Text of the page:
Recent medical marijuana regulations has unturned leaves

SAN DIEGO (CNS) – The potential impact of recently passed medical
marijuana regulations on the city of San Diego's municipal code is scheduled to
be discussed Wednesday by the City Council's Public Safety and Livable
Neighborhoods Committee.

The full City Council adopted regulations allowing dispensaries to
operate legally but under tight zoning restrictions. Collective operators have
to apply for a city conditional use permit.

Because the law doesn't take effect until April 24, no dispensaries in
San Diego are currently operating legally. They would not become legal
operations until the permits are approved, according to the mayor's office.

A City Council memo says the committee members have been asked to look
at how the regulations might affect the code on issues like product origins and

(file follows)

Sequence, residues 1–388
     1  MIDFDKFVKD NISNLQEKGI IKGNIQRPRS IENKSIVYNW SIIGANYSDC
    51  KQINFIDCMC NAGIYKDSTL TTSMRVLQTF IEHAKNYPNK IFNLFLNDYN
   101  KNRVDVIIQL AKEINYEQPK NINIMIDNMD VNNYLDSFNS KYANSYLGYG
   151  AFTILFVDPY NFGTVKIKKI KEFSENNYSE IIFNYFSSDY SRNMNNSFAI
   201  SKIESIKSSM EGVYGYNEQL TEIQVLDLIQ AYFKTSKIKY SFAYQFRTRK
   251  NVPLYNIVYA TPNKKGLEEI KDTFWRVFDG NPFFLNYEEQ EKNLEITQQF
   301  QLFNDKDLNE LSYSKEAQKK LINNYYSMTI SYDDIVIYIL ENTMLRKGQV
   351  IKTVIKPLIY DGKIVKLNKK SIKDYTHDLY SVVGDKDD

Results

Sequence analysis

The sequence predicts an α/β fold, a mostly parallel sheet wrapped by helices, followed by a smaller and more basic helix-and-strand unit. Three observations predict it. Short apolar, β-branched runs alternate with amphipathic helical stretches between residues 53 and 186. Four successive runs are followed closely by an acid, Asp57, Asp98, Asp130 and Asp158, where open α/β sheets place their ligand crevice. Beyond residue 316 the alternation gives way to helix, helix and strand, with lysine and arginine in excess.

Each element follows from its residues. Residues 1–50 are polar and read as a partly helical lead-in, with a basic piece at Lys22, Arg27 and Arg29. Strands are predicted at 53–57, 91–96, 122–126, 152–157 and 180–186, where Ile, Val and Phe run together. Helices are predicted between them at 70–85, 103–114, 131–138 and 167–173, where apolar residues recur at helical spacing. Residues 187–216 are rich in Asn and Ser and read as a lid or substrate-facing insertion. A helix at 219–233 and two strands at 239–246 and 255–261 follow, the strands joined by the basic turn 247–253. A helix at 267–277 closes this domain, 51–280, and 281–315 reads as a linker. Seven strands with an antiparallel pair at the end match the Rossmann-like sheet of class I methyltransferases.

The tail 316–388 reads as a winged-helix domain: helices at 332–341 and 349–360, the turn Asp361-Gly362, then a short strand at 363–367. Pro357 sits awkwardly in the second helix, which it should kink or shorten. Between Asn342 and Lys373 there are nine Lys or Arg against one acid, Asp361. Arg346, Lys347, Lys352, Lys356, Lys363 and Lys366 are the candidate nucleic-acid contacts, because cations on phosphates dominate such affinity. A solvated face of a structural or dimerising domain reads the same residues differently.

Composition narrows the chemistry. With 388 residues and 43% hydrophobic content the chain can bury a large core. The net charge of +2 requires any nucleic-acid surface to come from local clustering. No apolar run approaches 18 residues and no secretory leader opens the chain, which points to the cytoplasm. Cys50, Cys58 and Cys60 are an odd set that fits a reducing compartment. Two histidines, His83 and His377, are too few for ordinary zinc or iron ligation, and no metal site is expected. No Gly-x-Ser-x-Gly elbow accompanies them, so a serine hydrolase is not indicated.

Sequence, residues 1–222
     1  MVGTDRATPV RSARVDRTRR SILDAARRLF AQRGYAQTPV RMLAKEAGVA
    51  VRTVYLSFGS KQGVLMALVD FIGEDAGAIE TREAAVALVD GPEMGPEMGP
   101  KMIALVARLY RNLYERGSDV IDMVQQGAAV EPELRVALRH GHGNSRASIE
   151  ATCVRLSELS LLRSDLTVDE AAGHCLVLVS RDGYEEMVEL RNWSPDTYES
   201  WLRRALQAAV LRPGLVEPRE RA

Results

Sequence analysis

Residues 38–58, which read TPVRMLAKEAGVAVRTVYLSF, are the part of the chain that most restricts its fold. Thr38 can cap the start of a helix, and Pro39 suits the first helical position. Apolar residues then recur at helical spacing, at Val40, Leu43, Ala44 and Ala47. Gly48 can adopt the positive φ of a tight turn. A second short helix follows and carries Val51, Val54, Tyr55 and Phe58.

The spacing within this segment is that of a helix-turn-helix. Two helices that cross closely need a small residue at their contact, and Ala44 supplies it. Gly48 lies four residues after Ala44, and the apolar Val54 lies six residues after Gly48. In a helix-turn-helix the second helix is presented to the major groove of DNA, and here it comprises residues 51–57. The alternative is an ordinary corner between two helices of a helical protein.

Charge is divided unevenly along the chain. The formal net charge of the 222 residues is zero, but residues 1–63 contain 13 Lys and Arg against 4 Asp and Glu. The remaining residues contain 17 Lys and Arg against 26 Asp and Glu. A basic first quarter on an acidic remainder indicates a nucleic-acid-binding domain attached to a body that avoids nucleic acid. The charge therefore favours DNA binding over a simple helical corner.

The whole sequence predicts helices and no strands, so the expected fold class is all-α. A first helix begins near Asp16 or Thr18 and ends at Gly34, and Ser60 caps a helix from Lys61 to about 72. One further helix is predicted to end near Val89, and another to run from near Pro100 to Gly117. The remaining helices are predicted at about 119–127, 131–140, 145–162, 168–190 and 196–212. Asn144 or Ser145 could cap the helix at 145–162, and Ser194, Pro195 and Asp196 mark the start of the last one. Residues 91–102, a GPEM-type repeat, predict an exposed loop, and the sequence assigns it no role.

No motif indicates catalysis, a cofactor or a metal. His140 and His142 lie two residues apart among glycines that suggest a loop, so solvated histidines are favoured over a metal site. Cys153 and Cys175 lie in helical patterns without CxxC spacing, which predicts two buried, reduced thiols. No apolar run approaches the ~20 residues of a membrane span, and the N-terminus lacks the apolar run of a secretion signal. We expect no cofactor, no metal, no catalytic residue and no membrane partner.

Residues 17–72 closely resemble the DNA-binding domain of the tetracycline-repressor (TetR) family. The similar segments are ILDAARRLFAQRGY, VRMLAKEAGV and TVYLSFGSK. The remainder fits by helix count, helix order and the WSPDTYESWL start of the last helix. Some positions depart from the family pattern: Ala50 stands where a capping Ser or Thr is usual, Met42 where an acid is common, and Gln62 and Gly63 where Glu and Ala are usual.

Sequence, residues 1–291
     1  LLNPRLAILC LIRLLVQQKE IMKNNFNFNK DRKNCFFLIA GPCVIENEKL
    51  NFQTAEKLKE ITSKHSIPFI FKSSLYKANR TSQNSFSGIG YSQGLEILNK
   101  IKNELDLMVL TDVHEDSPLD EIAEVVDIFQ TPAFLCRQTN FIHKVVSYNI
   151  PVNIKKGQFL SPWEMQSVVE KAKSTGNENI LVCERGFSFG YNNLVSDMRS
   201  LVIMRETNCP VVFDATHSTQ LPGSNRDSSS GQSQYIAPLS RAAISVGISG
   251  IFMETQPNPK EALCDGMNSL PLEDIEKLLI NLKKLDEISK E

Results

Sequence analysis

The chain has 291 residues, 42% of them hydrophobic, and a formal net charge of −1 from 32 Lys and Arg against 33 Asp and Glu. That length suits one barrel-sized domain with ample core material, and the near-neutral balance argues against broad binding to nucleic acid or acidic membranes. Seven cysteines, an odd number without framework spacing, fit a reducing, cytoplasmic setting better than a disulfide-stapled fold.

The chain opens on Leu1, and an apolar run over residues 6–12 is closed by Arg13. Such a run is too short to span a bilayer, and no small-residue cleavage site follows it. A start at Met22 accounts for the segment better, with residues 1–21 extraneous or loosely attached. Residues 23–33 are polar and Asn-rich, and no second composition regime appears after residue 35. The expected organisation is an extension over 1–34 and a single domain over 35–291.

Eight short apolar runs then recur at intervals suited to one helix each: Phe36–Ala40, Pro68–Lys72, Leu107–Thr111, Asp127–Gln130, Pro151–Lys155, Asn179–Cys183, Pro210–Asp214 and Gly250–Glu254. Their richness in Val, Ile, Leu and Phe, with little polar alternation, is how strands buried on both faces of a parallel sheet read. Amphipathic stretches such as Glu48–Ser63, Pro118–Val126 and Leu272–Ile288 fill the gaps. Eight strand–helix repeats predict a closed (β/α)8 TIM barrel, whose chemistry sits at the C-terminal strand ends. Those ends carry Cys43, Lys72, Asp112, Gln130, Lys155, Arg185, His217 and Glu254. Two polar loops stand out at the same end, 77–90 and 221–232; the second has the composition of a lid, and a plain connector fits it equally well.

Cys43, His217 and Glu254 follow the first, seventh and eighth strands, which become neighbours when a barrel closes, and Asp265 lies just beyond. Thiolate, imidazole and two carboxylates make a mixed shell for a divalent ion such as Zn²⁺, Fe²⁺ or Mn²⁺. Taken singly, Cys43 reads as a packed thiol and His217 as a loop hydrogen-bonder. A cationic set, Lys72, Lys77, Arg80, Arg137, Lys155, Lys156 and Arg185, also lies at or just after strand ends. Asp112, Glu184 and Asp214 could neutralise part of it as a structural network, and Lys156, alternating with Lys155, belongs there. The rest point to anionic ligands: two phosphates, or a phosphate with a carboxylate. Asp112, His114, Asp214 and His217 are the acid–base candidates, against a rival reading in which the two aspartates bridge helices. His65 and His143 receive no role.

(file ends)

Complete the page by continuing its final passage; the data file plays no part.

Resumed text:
deliveries, food safety of edible forms of marijuana and processing of
concentrates like hash oil.

The ordinances passed by the City Council February and March calls for
dispensary operators to get a conditional use permit from the city – which
will be good for five years – and an annual public safety permit from the San
Diego Police Department.

Collectives may not be within 1,000 feet of public parks, churches,
child care centers, playgrounds, residential care facilities, schools and other
dispensaries, and not be within 100 feet of residential zones. Dispensaries
also are barred from having on-site medical professionals – a law intended to
prevent such businesses from becoming “one-stop shops.”

Categories: KUSI